EU appeal by Quinn unit fails on €8.25m fine for price fixing
The plastic-manufacturing unit of the Quinn Group has lost an appeal to the European Court of Justice over a €8.25m fine it received for being part of a price-fixing cartel.
The case dates back to 2006, when three Quinn companies in its plastics division were jointly lumped with a €9m penalty by the European Commission when it determined that the firms had been part of a conspiracy to set prices of acrylic glass and had been involved in other anti-competitive behaviour.
The companies – which had originally been part of the Barlo group – had initially been hit with an €18m fine, but because the commission accepted that they only had a "passive and minor" role in the infringement, the fine was reduced to €9m and subsequently to €8.25m.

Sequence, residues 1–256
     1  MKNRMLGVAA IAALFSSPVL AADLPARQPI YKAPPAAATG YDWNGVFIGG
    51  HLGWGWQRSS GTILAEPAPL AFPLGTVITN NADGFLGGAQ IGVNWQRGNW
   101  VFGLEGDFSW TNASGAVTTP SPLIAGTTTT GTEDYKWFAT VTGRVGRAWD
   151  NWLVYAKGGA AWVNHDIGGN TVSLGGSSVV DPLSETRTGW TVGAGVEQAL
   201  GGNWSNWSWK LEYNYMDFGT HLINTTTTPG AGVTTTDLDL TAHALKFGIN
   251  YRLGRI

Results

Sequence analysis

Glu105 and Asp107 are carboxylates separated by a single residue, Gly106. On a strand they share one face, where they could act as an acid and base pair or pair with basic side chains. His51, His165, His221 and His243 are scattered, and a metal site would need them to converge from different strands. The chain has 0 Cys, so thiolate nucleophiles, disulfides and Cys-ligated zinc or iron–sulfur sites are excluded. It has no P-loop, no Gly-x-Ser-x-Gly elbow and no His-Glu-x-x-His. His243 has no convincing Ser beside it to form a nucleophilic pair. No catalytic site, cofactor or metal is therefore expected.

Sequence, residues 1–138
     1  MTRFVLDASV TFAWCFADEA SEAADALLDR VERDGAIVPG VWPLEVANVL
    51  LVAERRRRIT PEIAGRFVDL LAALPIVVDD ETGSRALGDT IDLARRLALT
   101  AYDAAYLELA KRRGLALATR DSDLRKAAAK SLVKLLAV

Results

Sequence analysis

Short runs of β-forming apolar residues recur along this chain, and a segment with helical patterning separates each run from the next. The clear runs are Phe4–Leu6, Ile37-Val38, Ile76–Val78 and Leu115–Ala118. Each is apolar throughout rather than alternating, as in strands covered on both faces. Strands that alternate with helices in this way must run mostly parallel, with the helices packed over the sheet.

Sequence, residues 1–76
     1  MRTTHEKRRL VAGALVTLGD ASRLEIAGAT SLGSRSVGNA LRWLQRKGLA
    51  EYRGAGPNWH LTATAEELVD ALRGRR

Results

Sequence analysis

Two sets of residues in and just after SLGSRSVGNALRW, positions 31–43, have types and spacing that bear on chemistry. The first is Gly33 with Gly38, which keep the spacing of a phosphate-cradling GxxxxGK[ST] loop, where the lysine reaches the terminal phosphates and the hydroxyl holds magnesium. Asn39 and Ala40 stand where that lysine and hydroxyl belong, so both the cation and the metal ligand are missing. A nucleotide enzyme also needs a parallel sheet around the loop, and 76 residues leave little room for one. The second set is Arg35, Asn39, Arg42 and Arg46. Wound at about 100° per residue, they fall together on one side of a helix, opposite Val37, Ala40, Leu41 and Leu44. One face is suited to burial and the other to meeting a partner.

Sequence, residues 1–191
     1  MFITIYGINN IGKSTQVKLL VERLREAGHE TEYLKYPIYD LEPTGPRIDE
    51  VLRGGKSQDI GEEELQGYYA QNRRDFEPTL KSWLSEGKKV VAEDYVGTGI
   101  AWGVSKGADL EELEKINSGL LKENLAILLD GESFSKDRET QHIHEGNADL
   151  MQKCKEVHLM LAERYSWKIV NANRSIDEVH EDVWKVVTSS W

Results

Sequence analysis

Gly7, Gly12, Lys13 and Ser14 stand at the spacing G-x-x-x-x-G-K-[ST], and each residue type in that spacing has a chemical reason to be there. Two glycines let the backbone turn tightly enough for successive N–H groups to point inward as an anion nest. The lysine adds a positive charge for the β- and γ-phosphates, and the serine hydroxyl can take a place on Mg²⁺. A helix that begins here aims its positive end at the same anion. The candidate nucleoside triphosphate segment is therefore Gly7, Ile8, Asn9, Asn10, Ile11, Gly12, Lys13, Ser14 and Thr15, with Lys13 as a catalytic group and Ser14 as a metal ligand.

The Quinn Group –whose manufacturing arm is now controlled by US lenders and Irish Bank Resolution Corporation – purchased the Barlo plastics businesses in 2004 and said it only learned of the cartel probe after the acquisition.
The European Commission fined five companies – Arkema in France, Degussa in Germany, ICI and Licite in the UK, and Quinn Barlo – a total of €344m in 2006.